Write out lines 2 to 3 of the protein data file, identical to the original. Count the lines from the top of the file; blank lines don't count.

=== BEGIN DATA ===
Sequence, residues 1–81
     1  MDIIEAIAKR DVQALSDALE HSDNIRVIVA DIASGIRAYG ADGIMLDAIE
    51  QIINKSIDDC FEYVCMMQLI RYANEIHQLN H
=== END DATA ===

     1  MDIIEAIAKR DVQALSDALE HSDNIRVIVA DIASGIRAYG ADGIMLDAIE
    51  QIINKSIDDC FEYVCMMQLI RYANEIHQLN H